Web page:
According to most travel and behavioral experts, the definition of culture shock goes something like this:
culture shock is the feeling of disorientation, insecurity and even anxiety that results from being continuously in a new and experiencing an unfamiliar culture.
The causes of culture shock are wide and varied and they depend heavily on how different the new culture is from the traveler’s old, familiar one.
Unfamiliar ‘rules’ for social interaction
A sense of culture shock may initially be triggered by differences in social interaction, such as:
- greetings between people
- facial expressions
- body language
- spoken language
- general attitudes
- dining schedules
Strange environment and climate
Feelings of culture shock are often reinforced by the traveler’s physical environment, including:
- the cleanliness of their lodgings
- the design and adequacy of the toilets
- the operability of appliances like clothes washers and heating systems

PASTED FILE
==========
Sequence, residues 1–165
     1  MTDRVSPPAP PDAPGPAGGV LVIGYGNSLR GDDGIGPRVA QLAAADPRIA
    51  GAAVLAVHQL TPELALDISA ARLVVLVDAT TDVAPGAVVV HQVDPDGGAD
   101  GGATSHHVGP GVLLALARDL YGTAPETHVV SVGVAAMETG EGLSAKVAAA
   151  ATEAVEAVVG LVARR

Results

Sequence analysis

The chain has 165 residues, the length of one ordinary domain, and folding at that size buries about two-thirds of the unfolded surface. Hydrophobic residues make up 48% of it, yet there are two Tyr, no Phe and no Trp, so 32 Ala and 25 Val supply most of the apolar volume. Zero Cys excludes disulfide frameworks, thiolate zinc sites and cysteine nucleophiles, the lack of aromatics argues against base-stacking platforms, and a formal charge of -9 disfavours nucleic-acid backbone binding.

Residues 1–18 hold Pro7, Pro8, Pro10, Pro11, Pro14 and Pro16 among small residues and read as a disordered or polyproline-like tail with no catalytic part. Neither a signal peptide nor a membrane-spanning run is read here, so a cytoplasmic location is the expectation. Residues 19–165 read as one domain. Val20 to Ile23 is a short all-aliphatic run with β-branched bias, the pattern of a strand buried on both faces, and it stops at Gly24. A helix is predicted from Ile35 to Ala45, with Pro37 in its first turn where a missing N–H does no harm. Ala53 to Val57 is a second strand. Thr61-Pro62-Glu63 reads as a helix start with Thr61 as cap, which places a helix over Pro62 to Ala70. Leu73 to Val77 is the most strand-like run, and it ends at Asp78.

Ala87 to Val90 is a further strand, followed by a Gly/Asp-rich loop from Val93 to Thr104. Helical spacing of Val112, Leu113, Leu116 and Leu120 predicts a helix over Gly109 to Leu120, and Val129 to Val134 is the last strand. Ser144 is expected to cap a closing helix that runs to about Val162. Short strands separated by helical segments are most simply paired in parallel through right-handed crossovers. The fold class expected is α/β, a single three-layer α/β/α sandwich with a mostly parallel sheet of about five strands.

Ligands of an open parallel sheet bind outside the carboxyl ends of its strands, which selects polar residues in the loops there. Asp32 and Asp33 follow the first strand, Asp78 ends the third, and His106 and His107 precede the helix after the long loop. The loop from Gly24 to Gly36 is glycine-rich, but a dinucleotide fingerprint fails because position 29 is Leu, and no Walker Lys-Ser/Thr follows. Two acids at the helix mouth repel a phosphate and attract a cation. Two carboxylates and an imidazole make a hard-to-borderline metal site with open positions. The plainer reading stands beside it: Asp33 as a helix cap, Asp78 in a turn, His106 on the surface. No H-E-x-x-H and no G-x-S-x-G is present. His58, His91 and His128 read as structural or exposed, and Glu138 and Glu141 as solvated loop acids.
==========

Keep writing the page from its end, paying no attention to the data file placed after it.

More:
- the level of noise
- the quality and availability of food and water
- the type of dress
- the climate, altitude, and weather
Different attitudes and expectations
A traveler is also likely to face different attitudes and expectations that can worsen their culture shock, such as:
- whether appointments start on time or on a more flexible schedule
- whether the people they encounter exhibit a cheery, positive attitude or a negative one
- whether stores, banks, museums and other places are open at hours that coincide with the traveler’s needs or not
- whether local people appear to be helpful to foreigners or distrustful of them
Next: Learn how to recognize the symptoms of culture shock.
This page is part of our Culture Shock 101 guide.